What we will learn
Know your problem
Know your data
Visualize your data - bar chart
12. Add historical data
Work with your chart
Check yourself


From the previous chart, which you can see in the viewer on the right, we can conclude that alcohol consumption in Zimbabwe has increased very much during the last 15 years. In saying this, we assume that 2014's unusually high level is an outlier (something that's true but not usual in the dataset). We base this assumption on the fact that until 2000, alcohol consumption levels were low. But is this assumption accurate? To correctly assess the quality of the current change, we should compare it with historical data.

To understand the current situation, add historical data to your chart.

If you have access to your time series' previous values, you can add them to your chart. This will help you understand the importance of the current data's changes.

The WHO database has data for alcohol consumption in Zimbabwe from 1980 to 20141. The full time series is available in the zimbabwe_consumption_2 dataset, which is shown below. Note: The year column is already formatted as a date.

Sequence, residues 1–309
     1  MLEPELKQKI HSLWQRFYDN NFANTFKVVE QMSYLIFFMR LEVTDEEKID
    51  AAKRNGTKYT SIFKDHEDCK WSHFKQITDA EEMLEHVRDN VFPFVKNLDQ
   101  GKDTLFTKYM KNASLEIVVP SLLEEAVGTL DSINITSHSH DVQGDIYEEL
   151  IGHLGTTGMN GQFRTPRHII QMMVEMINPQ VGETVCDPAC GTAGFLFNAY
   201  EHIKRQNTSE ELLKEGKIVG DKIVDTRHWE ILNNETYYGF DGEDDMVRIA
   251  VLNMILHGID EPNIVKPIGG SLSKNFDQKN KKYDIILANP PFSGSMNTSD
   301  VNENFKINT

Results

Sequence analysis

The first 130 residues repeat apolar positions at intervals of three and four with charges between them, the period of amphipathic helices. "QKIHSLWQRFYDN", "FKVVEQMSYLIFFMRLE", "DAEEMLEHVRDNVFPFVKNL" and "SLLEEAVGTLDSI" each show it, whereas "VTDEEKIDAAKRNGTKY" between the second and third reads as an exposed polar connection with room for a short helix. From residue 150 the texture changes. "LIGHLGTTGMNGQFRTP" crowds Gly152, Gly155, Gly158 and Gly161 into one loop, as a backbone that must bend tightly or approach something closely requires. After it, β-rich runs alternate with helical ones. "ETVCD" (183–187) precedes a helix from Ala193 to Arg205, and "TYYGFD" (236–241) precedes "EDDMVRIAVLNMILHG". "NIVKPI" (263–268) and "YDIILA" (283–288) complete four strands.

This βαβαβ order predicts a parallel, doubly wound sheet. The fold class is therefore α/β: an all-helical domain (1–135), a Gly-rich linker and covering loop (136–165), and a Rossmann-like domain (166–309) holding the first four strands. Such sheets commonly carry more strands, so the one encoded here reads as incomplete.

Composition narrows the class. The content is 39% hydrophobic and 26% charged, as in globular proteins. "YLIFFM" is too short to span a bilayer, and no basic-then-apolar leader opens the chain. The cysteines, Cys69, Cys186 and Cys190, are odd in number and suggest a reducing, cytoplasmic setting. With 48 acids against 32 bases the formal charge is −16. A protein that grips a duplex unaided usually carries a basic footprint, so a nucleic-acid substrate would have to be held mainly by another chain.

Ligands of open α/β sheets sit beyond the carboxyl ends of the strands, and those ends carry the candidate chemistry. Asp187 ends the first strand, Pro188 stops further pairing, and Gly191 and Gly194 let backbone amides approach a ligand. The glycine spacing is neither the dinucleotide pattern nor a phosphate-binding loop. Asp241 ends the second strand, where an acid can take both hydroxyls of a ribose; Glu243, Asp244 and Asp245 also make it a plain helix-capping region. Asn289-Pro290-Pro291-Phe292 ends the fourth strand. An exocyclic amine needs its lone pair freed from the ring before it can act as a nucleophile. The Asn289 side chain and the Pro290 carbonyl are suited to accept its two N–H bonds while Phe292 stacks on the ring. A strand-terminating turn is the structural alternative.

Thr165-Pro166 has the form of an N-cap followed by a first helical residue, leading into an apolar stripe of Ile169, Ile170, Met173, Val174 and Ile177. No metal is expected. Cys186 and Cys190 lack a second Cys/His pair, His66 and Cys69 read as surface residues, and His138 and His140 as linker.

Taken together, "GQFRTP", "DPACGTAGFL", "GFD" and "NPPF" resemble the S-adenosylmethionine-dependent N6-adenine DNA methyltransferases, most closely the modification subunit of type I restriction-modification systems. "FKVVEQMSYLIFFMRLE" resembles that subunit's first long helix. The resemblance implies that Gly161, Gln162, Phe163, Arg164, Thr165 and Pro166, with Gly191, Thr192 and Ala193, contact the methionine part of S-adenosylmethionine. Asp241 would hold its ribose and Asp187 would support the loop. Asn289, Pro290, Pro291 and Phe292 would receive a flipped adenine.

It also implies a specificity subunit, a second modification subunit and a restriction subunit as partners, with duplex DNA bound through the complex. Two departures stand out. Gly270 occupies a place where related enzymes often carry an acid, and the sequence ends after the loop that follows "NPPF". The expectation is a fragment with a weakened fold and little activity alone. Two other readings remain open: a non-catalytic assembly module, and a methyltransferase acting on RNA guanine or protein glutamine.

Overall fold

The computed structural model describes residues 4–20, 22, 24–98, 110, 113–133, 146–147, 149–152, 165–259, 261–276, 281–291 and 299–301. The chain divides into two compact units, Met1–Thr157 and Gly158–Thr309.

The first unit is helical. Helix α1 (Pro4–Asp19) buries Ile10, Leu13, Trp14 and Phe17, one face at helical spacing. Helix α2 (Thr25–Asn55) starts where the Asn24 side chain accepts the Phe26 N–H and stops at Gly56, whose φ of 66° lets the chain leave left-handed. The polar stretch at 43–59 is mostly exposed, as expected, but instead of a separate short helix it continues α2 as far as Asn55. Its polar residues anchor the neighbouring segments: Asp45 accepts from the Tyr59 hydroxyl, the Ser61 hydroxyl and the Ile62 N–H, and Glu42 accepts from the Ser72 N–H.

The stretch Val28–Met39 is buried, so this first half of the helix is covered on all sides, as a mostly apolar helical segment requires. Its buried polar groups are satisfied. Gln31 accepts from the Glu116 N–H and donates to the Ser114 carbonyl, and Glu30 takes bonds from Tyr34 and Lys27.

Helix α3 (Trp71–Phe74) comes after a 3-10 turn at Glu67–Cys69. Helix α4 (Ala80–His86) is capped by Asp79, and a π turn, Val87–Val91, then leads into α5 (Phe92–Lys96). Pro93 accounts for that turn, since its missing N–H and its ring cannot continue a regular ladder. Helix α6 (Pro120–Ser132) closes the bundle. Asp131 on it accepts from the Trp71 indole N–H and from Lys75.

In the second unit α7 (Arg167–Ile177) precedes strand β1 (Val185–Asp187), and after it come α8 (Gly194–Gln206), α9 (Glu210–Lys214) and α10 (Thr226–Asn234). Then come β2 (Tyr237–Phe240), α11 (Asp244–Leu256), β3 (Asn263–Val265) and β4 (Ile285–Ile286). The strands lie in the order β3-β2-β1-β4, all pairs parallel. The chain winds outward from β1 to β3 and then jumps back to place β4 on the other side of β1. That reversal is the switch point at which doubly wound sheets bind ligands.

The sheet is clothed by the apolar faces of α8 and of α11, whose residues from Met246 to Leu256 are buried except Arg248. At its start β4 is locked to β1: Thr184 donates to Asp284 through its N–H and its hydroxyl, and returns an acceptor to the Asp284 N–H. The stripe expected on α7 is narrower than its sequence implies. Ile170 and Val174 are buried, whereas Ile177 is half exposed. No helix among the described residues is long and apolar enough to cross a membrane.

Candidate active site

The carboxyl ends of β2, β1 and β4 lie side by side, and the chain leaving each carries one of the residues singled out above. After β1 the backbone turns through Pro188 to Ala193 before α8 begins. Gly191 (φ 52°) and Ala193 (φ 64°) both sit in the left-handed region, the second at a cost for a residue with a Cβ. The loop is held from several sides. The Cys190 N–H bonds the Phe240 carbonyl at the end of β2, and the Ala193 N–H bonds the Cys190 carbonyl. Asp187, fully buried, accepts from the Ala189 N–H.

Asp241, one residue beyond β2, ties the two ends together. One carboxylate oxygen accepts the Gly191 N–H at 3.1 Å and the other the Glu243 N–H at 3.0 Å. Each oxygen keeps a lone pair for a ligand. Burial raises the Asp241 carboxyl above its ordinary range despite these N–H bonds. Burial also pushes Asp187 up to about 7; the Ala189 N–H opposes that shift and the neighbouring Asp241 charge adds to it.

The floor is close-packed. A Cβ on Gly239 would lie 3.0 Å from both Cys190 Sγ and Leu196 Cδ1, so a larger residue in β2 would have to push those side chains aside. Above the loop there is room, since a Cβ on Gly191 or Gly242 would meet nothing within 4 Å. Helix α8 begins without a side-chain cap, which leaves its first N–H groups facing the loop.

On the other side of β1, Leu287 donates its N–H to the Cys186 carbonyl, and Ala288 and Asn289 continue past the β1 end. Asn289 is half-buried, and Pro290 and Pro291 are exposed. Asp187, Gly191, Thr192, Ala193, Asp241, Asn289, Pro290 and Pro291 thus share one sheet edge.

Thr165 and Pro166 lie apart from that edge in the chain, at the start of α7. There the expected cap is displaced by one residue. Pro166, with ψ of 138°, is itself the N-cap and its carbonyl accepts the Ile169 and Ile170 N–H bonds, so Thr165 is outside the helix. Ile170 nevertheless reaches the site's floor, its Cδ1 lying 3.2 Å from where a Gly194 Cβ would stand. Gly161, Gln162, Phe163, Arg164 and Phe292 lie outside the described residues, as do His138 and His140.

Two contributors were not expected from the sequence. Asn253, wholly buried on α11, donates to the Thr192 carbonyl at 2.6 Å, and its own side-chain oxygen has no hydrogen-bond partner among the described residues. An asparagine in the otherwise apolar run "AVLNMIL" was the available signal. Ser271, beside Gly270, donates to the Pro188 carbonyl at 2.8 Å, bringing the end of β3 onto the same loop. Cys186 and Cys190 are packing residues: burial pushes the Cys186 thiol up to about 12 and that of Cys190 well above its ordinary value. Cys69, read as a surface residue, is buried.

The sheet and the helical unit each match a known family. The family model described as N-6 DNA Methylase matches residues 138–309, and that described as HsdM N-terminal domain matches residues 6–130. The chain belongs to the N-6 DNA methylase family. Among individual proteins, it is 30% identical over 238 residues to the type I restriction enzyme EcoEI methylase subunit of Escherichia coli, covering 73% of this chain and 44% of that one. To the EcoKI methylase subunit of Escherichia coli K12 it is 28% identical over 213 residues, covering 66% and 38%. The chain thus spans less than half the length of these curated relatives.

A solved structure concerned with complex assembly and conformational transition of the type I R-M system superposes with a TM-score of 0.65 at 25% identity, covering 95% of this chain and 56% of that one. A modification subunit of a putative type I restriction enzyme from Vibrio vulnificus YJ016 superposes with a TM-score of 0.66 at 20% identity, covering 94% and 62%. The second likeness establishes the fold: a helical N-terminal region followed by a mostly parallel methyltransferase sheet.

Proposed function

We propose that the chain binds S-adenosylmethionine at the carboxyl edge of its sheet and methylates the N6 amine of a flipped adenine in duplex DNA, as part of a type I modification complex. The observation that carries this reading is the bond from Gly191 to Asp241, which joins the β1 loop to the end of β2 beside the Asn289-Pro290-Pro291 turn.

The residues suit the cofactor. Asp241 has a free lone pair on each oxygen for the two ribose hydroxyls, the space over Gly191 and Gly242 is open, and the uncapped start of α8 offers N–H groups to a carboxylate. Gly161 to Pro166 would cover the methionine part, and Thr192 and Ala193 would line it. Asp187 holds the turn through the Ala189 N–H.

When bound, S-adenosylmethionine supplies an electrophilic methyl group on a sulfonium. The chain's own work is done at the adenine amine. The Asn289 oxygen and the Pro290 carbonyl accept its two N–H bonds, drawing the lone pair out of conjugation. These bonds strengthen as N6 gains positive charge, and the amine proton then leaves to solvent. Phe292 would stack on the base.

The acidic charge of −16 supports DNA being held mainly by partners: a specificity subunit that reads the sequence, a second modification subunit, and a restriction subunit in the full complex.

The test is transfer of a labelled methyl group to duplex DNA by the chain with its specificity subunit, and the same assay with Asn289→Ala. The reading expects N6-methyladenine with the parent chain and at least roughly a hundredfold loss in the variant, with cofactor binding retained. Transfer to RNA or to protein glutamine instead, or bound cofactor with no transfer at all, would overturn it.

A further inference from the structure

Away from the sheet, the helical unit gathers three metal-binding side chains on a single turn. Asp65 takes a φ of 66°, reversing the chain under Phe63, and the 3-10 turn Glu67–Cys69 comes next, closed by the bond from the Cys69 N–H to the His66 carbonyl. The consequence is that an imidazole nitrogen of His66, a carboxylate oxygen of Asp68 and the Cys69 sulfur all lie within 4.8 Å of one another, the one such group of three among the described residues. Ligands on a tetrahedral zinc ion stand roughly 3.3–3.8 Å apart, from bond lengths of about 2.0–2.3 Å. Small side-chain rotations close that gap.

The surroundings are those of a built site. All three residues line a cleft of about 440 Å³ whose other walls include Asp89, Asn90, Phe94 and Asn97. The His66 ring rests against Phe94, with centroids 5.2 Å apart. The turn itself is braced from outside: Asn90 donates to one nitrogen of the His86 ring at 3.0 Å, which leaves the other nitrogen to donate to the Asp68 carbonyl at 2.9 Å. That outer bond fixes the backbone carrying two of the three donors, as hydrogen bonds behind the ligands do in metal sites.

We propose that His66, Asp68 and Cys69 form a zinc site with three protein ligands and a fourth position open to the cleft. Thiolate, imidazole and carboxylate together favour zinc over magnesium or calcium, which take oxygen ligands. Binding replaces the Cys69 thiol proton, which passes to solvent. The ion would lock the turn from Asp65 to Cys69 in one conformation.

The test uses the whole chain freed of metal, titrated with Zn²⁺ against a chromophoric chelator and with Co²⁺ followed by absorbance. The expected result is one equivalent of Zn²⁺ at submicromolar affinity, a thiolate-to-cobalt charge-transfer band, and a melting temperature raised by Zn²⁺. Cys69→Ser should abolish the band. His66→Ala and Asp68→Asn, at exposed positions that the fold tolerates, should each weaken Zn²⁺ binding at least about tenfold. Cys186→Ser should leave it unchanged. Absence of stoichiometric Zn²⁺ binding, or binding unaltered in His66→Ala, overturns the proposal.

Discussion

country    year        consumption
1      Zimbabwe 1980-01-01        5.77
2      Zimbabwe 1981-01-01        6.22
3      Zimbabwe 1982-01-01        7.00
4      Zimbabwe 1983-01-01        7.14
5      Zimbabwe 1984-01-01        7.27

1. Source: Recorded alcohol per capita consumption, 1980-1999. The data was retrieved on July 1, 2017


Re-draw your bar chart, this time for zimbabwe_consumption_2. Save the plot to the bar object. Look at the new plot. Is your interpretation of this time series different than it was before?

Stuck? Here's a hint!

You should write:

bar <- ggplot(
    data = zimbabwe_consumption_2, 
    aes(x = year, y = consumption)) + 
  geom_col() + 
    panel.grid.major.x = element_blank(), 
    panel.grid.minor.x = element_blank())